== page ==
Accurate optimal BLOOD-PRESSURE monitoring readings should be done while persons are sitting supine (upright) & one reading when they are lying on their backs, new Harvard study finds
by Paul Alexander
“If blood pressure is only measured while people are seated upright, cardiovascular disease risk may be missed if not measured also while they are lying supine on their backs,” says lead study author
BOSTON — If you’re someone with high blood pressure, you’re going to want to sit up for this news. Researchers working with the American Heart Association have released the results of a nearly 30-year study on high blood pressure, finding that doctors may miss certain health complications if they don’t have their patients lying down.
Typically, patients are only measured while sitting upright. Now, it should become common practice to do two readings, doctors argue.
“If blood pressure is only measured while people are seated upright, cardiovascular disease risk may be missed if not measured also while they are lying supine on their backs,” says lead study author Duc M. Giao, a researcher and a 4th-year MD student at Harvard Medical School, in a media release.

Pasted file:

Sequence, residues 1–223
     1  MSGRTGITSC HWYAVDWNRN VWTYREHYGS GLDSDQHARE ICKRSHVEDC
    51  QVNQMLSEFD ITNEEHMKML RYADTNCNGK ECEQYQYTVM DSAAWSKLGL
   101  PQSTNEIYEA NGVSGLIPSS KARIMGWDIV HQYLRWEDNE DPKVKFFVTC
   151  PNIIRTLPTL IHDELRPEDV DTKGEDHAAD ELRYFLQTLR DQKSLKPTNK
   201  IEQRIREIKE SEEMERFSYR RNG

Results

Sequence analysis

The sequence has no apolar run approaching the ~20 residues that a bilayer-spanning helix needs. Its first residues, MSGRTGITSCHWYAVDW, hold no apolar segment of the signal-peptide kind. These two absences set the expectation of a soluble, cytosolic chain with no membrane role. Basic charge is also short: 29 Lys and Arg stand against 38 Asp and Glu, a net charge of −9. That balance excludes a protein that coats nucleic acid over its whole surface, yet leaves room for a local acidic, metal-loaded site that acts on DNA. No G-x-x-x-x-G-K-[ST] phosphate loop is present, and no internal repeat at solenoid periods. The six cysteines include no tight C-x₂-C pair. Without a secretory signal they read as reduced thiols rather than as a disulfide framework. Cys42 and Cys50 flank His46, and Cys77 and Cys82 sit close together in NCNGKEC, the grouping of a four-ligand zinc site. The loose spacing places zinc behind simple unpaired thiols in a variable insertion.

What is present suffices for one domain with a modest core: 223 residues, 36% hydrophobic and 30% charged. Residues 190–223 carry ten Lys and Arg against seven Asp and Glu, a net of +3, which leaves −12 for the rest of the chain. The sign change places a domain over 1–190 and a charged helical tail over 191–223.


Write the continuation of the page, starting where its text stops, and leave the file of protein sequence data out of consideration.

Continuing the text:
People who also had their blood pressure taken while lying down revealed elevated risks for heart attack, stroke, heart failure, and premature death. The type of medications people use to manage blood pressure did not impact cardiovascular risks, according to the findings.
The autonomic nervous system regulates blood pressure. However, the pull of gravity may prompt blood to pool while seated or in an upright position. Meanwhile, the body is sometimes unable to regulate blood pressure while lying down, being seated, and standing.
“Our findings suggest people with known risk factors for heart disease and stroke may benefit from having their blood pressure checked while lying flat on their backs,” Giao adds.
The first phase of the study began in 1987 and continued until 1989. A total of 15,972 adults living in the U.S. had their blood pressure taken while lying down or sitting up. One of the key features of the study was the diversity of the participants. Over half (56%) were women, and 25 percent of the participants were Black. Blood pressure data was gathered in both rural and urban clinics. Their health was then followed for an average of 25 to 28 years, with the latest health data collected between 2011 and 2013.’